Helle Viking knife?
Helle Viking

This knife, I've looked for any mention of it in historically-oriented discussions, including these forums but thus far have been unable to find anything outside of knife discussion forums. No one seems to mention knives like this for viking era-re-enactors, instead favoring the seax/sax. To my, admittedly modern eye, this knife would appear to be much more useful than the sax as a general purpose utility knife (although a nice heavy sax would likely make a good parang/machete-like BFK and improvised weapon).

So, what is this knife's historical time period? I assume that it's a fairly accurate reproduction, given that it was designed by an archaeologist/historian to fund a global longship cruise. Is there anything else I can or should know about this knife? For a viking kit that already has a sword, would this be an appropriate 'substitute' for a sax? Given the ubiquity of the sax, was it a more common/popular knife in the viking world or just among viking fighting men or mariners or something else?

And, to be fair, while I have been meaning to ask about the Helle for sometime, it was this (similar to my eye) knife posted up in the Maker's/Manufacturer's forum that spurred me into action: link.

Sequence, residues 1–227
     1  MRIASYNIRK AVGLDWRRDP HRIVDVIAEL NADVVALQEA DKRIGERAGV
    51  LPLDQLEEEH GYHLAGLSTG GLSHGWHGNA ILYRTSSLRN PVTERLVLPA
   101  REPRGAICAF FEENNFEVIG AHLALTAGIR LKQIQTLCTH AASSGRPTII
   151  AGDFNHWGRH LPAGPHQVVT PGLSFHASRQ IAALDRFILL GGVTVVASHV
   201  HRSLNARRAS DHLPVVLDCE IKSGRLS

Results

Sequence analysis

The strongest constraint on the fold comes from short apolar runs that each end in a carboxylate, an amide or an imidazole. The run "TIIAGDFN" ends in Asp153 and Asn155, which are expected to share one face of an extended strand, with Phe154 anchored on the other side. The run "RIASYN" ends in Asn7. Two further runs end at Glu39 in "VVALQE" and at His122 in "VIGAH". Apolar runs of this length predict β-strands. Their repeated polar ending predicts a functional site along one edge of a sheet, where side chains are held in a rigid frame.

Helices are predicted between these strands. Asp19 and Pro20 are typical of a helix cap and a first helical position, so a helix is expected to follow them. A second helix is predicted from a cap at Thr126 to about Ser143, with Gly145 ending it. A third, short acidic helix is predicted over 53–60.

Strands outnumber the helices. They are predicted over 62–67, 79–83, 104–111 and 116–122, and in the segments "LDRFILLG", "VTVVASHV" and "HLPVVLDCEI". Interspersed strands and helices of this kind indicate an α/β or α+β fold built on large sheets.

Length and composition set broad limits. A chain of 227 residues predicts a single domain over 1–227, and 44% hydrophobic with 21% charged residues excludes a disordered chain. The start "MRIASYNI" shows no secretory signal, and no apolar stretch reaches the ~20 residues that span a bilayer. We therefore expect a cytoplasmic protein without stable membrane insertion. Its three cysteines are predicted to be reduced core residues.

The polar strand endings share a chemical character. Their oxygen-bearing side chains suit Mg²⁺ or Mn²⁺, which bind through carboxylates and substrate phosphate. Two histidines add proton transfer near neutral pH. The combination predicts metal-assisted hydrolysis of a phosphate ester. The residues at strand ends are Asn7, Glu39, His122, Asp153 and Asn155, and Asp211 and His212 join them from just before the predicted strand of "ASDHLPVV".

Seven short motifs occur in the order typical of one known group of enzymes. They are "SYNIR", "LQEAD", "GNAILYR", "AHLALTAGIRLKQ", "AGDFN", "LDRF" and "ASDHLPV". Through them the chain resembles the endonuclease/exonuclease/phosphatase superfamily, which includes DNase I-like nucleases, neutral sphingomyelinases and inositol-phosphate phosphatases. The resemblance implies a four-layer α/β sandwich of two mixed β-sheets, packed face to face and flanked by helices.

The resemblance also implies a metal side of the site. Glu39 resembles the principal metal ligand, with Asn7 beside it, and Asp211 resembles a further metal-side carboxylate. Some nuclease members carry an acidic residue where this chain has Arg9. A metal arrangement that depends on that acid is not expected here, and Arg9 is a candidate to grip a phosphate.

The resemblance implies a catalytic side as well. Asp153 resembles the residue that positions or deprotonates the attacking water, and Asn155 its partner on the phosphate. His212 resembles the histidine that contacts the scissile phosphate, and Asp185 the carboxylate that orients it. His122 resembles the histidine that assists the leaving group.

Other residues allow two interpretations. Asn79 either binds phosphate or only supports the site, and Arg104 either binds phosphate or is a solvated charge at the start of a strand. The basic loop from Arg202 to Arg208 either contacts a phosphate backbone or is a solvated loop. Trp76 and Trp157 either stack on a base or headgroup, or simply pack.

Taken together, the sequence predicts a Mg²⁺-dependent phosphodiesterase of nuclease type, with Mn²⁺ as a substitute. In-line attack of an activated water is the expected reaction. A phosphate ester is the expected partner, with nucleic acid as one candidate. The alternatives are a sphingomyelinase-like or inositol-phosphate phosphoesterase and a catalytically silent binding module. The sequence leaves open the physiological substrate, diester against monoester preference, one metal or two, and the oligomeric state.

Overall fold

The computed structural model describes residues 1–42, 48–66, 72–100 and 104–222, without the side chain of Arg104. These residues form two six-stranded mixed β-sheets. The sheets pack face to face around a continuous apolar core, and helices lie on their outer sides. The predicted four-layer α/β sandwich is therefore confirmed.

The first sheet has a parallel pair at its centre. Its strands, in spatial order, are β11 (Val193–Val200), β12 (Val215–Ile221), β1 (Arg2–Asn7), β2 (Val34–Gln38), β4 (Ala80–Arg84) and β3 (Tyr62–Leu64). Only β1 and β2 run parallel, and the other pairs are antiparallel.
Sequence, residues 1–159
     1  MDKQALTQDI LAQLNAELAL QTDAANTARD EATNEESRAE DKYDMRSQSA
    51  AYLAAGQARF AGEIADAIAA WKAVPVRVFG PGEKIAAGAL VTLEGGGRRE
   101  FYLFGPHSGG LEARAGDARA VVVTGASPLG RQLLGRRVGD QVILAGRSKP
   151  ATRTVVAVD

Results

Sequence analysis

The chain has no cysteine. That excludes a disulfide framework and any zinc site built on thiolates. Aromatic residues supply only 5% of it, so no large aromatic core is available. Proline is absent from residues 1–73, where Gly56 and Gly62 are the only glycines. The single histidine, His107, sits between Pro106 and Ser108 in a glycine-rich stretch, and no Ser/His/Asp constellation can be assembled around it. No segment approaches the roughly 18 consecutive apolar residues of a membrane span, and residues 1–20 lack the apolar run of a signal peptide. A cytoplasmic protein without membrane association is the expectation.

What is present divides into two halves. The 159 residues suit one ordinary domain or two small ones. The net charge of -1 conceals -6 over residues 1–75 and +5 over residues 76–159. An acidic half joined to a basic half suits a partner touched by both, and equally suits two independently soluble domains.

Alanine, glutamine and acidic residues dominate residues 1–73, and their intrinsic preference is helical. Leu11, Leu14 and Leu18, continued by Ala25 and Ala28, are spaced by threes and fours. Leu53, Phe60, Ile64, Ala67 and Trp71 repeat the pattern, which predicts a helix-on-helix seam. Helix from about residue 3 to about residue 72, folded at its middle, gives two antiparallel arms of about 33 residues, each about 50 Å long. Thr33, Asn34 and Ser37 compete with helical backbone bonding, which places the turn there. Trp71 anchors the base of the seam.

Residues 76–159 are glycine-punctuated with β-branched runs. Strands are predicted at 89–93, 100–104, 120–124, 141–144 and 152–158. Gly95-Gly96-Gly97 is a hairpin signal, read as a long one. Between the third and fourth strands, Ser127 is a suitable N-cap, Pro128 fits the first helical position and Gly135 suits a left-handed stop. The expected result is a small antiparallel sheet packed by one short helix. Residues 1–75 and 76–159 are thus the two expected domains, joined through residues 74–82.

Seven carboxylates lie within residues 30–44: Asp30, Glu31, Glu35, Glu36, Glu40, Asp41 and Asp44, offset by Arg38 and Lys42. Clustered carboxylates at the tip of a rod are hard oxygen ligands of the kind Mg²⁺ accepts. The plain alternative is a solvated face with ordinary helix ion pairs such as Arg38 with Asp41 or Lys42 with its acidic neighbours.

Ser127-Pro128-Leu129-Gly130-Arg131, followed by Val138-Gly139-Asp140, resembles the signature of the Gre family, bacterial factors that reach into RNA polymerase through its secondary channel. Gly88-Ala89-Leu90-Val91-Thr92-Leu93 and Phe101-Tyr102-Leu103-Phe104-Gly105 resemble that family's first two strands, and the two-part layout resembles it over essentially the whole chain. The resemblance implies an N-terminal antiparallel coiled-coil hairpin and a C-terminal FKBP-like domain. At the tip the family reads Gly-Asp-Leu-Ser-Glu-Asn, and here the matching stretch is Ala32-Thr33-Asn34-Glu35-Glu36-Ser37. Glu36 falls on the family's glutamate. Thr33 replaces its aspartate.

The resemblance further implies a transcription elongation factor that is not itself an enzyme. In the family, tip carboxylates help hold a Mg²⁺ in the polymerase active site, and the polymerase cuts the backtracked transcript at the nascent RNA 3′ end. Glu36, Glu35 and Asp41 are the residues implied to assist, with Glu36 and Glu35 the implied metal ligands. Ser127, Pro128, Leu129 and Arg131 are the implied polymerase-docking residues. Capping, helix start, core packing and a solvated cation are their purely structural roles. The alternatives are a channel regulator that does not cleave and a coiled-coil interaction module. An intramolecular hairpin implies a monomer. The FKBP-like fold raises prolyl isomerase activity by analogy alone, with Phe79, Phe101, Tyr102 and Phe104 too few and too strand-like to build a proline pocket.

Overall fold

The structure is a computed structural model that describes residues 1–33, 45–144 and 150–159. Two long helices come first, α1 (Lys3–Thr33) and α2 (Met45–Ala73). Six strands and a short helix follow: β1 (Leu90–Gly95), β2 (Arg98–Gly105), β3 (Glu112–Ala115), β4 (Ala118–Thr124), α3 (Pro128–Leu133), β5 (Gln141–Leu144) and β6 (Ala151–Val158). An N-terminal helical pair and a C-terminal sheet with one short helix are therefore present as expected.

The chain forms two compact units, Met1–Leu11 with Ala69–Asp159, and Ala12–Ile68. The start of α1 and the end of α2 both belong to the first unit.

Hi Josh,

I got one of the Helle Viking knives a few years ago and I use it as a regular part of my Viking kit. I think the decoration on the sheath isn't too far off from the leather decor found on some of the York knife sheaths. As for the blade, I saw a newer one at a gun show recently and I swear the blade material looks a bit different. The website says it's triple laminated, but I thought they used to be something else. From what I've seen, the blade profile fits with utility knives of the period.
It's a small knife with a wooden handle, nothing about the shape of the blade makes it particularly 'Viking' as opposed to any small utility knife from the late Iron age through to....well...now really.
Peening the blade over a washer would be unusual for a small bladed knife of the period (usually the tang is blind within the handle) but not unheard of.

The way that the blade has been ground isn't period (as far as we can tell from the usually corroded lumps that come out of the ground, but the back-stitched sheath certainly is..although it looks like the bottom of the sheath has been left open, which I know is a feature of modern scandi sheaths rather than historical ones.

Seaxes turn up almost exclusively in male burials but little everyday knives ('cnif' in Old Engish, 'knifr' in Old Norse) like this are found in the graves of men, women, children....anyone who wasn't a slave would have one.

To quote Eleanor of Aquitaine in "The Lion in Winter";
Of course he has a knife, he always has a knife, we all have knives! It's 1183 and we're barbarians

Hi Joshua, this is a great question.

I haven't seen the complete viking Helle knife with handle, sceath and all, but I own one of the bare blades they sell under the same name. I think it's pretty neat as it is, though I plan to re-grind it into a different type of viking knife for one of my odd projects.

Any number of modern carbon steel knife blades can of course be historicalized (did I just make that up?;) ) to look fully viking authentic. I've done it with some blades in the past to good effect so they look like the archaeological finds. Most have triangular cross section, so one needs a thick blade to grind them out from, but not all of them.